We are deeply concerned about the high failure and school dropout rates in Matabeleland. A lot of schools are getting zero passes in Grade 7, O-level and A-level and no serious improvement has been noted in years. Invariably, it is the local vernacular languages that have the highest failure rate. You find some children passing Maths, Science, English, General Paper, but failing the local language dismally. This is also true at the high school level. Something is not right here.
In addition to shortage of teaching staff and learning material and long distance to school, the other reason is the linguistic gap between the teacher and the child. Even before we conduct further investigations into this, several global studies have revealed that because of poor mother tongue instruction, by the time children complete their primary school education they have acquired devastating and virtually irreversible learning and cognitive deficiencies.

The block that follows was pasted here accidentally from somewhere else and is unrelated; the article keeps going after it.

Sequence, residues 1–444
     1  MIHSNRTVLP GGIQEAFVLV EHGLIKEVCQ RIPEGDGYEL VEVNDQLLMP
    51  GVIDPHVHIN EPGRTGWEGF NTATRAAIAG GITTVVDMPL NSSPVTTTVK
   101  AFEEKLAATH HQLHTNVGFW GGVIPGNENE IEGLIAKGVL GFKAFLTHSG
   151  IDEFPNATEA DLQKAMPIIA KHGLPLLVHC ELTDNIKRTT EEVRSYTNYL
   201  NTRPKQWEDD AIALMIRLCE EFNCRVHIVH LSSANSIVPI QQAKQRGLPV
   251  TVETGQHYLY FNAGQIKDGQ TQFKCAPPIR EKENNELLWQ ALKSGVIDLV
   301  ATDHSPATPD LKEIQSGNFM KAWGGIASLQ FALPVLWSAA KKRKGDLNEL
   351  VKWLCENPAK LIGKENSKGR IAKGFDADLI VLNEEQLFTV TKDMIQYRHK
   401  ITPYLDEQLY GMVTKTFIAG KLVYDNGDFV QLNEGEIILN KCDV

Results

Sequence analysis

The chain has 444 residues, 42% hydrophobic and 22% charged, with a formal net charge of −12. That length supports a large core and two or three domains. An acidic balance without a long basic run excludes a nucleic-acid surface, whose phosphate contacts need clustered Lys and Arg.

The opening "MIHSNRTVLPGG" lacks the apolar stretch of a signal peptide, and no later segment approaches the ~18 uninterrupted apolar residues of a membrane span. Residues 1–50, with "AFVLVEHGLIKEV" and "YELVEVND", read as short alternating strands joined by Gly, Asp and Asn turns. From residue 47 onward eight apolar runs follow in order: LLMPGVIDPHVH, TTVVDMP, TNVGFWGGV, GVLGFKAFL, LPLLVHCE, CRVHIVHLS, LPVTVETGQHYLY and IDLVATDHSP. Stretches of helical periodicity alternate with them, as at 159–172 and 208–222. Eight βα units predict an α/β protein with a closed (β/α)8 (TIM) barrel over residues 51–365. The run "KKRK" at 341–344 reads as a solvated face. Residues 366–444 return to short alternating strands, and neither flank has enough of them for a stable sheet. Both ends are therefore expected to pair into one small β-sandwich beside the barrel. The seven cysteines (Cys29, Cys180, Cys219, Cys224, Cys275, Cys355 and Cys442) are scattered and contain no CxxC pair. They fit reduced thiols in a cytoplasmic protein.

Those who are taught by teachers who proficiently speak and write a child’s primary language have a head start compared with those who are not. Children in our region are at a serious disadvantage. The schools that are meant to give them advantages have become places that undermine the child’s future.
Writing for the International Teacher Magazine, educationist and researcher Carolyn Savage summed up a universally held position when she said that: “Research indicates that having a strong mother tongue foundation leads to much better understanding of the curriculum as well as more positive attitude towards school, so it’s vital that children maintain their first language when they begin schooling in a different language … (w)hen children develop their mother tongue, they are simultaneously fostering a whole host of other essential skills, such as critical thinking and literacy skills.”
We therefore ask government to: